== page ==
Shinzo Abe has convincingly secured another parliamentary term. However, the economic outlook is not expected to change materially. For some observers, Abe’s achievements thus far have only amounted to coercing the Bank of Japan into bankrolling an ever-rising debt mountain, thereby propping up the stock market rather than reflating the economy.
Japan’s ‘lowflation’ conundrum has mired domestic growth prospects for more than two decades. When Abe first came to power in 2012, the three arrows of so-called Abenomics – monetary easing, fiscal stimulus and structural reforms – were heralded as the great panacea to revive Japan’s economic fortunes. As events transpired, Abe has focused on just one arrow, monetary easing, with the economy relying heavily upon the Bank of Japan’s shock-and-awe tactic of flooding the market with liquidity. In part, this policy was used as a response to the consumption tax increase in 2014, which constrained demand.
Consequently, the Bank is now one of the largest shareholders of the Nikkei, owning approximately 3.5% of the index via ETFs and investment trusts (rather than direct equities). The Bank also owns around 75% of the country’s domestic ETFs. In effect, the yield curve and other price setting mechanisms in Japan’s financial markets have been nationalised.
An election campaign devoid of substance
There appears little prospect that things will change anytime soon. In many ways, this election campaign was devoid of substantive policy discussions, having being called at short notice. New Hope, a newly established party to emerge as the main opposition, offered the ‘12 zeros’. A few of its more outlandish proposals included plans to ban packed commuter trains; ban tree pollen that causes hay fever; and ban passive smoking. Noble ambitions for some, but not a recipe for addressing the economic challenges facing Japan over the next decade.
The LDP’s focus was principally on constitutional reform, allowing Japan the right to defend itself against military threat, particularly amid rising North Korean tensions. Other areas of debate were expanding free childcare places for the under-fives and free tuition for those in higher education. Both of these initiatives would be funded by further increases to the consumption tax – having been twice delayed – in 2019.
Of course, all of the above avoided difficult questions around how Japan addresses its greying workforce and shrinking population. Costs for social security and health care are expected to rise exponentially over the next decade, adding to Japan’s gross debt burden, currently 245% of GDP. By 2025, a new generation of baby boomers aged 75 and over will start drawing on social security benefits, placing even more burden on the public finances.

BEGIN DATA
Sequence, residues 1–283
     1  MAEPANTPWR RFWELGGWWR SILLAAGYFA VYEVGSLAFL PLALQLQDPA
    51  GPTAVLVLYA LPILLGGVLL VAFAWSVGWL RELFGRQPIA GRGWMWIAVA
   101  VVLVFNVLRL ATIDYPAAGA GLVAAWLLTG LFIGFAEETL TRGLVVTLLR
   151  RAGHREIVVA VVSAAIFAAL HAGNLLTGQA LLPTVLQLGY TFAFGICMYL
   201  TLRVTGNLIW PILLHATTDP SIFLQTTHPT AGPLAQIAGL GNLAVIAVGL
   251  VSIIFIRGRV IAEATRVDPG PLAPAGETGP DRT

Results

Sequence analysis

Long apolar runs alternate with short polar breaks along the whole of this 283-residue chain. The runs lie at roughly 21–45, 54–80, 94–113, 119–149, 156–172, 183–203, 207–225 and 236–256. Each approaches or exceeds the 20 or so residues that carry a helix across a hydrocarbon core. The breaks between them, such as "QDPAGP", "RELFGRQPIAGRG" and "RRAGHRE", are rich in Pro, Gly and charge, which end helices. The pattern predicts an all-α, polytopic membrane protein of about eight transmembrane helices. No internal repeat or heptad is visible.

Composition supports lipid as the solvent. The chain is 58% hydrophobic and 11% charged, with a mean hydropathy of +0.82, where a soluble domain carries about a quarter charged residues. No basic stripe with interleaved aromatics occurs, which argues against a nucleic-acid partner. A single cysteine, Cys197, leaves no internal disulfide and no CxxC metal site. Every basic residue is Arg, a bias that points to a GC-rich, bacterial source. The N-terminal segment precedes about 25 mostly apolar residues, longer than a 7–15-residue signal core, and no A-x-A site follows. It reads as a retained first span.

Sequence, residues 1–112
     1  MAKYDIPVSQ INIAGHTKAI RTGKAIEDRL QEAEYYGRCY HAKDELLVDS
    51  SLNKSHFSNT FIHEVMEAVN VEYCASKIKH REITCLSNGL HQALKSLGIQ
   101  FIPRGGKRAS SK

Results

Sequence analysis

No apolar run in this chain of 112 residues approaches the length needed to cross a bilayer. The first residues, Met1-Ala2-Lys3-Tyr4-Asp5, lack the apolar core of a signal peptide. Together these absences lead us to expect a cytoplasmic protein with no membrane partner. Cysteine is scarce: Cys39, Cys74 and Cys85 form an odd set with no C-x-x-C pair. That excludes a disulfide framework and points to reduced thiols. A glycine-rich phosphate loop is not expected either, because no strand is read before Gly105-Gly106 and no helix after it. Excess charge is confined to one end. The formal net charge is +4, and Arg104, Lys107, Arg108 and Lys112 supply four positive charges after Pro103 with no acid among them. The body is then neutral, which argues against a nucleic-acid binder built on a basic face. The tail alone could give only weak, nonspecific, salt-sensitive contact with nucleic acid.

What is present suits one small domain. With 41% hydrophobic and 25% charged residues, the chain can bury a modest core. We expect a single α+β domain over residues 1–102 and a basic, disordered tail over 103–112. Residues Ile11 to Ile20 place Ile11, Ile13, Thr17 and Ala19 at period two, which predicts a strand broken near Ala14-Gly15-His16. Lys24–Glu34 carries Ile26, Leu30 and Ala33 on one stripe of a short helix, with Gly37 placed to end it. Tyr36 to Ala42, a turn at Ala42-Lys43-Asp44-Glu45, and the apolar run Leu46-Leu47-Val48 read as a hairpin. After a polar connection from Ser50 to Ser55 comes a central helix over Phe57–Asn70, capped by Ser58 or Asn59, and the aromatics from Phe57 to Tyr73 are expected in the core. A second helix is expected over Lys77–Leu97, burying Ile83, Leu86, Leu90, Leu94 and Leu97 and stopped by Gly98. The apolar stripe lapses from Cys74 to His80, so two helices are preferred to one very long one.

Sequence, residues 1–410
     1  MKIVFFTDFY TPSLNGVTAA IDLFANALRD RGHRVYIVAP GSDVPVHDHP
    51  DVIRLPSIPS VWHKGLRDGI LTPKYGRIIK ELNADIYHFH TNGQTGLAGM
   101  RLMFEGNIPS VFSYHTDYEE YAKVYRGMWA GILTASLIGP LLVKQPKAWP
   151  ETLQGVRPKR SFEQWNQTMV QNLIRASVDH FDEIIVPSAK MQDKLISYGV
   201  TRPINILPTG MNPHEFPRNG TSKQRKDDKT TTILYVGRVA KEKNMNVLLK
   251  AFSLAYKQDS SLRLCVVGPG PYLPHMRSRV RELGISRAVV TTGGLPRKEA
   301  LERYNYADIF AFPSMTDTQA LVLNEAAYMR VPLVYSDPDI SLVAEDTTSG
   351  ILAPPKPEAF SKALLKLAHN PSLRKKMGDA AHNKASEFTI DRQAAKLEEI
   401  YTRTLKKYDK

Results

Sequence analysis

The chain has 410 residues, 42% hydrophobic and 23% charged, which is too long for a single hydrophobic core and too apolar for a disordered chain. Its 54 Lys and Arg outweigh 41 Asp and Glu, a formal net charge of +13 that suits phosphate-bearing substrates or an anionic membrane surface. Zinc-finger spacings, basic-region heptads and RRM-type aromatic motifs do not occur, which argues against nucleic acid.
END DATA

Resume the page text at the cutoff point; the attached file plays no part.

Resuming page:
Corporate Japan is improving profitability but more reform is needed
While the longer term macro story appears less than compelling, Japan’s economy is, reassuringly, seeing shorter term improvements helped by improving global demand, yen depreciation and rising corporate profits. In fact, at the end of June, the economy achieved six consecutive quarters of positive growth for the first time in over ten years. Optimism among manufacturers remains elevated and capital expenditure levels are rising, although corporates still retain very high cash levels. Moreover, away from the political arena, some of the more significant developments are happening within corporate Japan. The focus on improving competitiveness through corporate governance reform has been notable, and may well have contributed to record-high profitability this year.
There is still, though, a large amount of pent-up private capital among corporates and consumers, which if unlocked could be a key driver to stimulate growth. So far this year, domestic demand has been supported through fiscal spending via public works construction, but this stimulus will soon fade. The weak link remains wage growth, despite very tight labour market conditions. Delivering a higher wage economy that takes Japan’s economy away from its deflationary trap still requires meaningful reforms to free up the labour and capital markets. In particular, the services sector in Japan has not globalised in the same way as manufacturing – the car industry being a prime example.
Again, it all comes back to the boldness of policymakers and their willingness to restructure Japan’s economy. For these reasons, many overseas investors are understandably discouraged from committing capital to Japan. While we are not under any illusions that the macro story will change following Sunday’s election, we believe that the entrepreneurial spirit in Japan is not dead and there are a number of attractive opportunities to exploit, independent of the wider economy. We consider these are best accessed through active managers who have a specific tilt, whether in smaller companies and/or in the more value-orientated parts of the market. We aim and believe it is necessary to be very specific about the investments we make in Japan.
Michael Stanes is the investment director at Heartwood Investment Management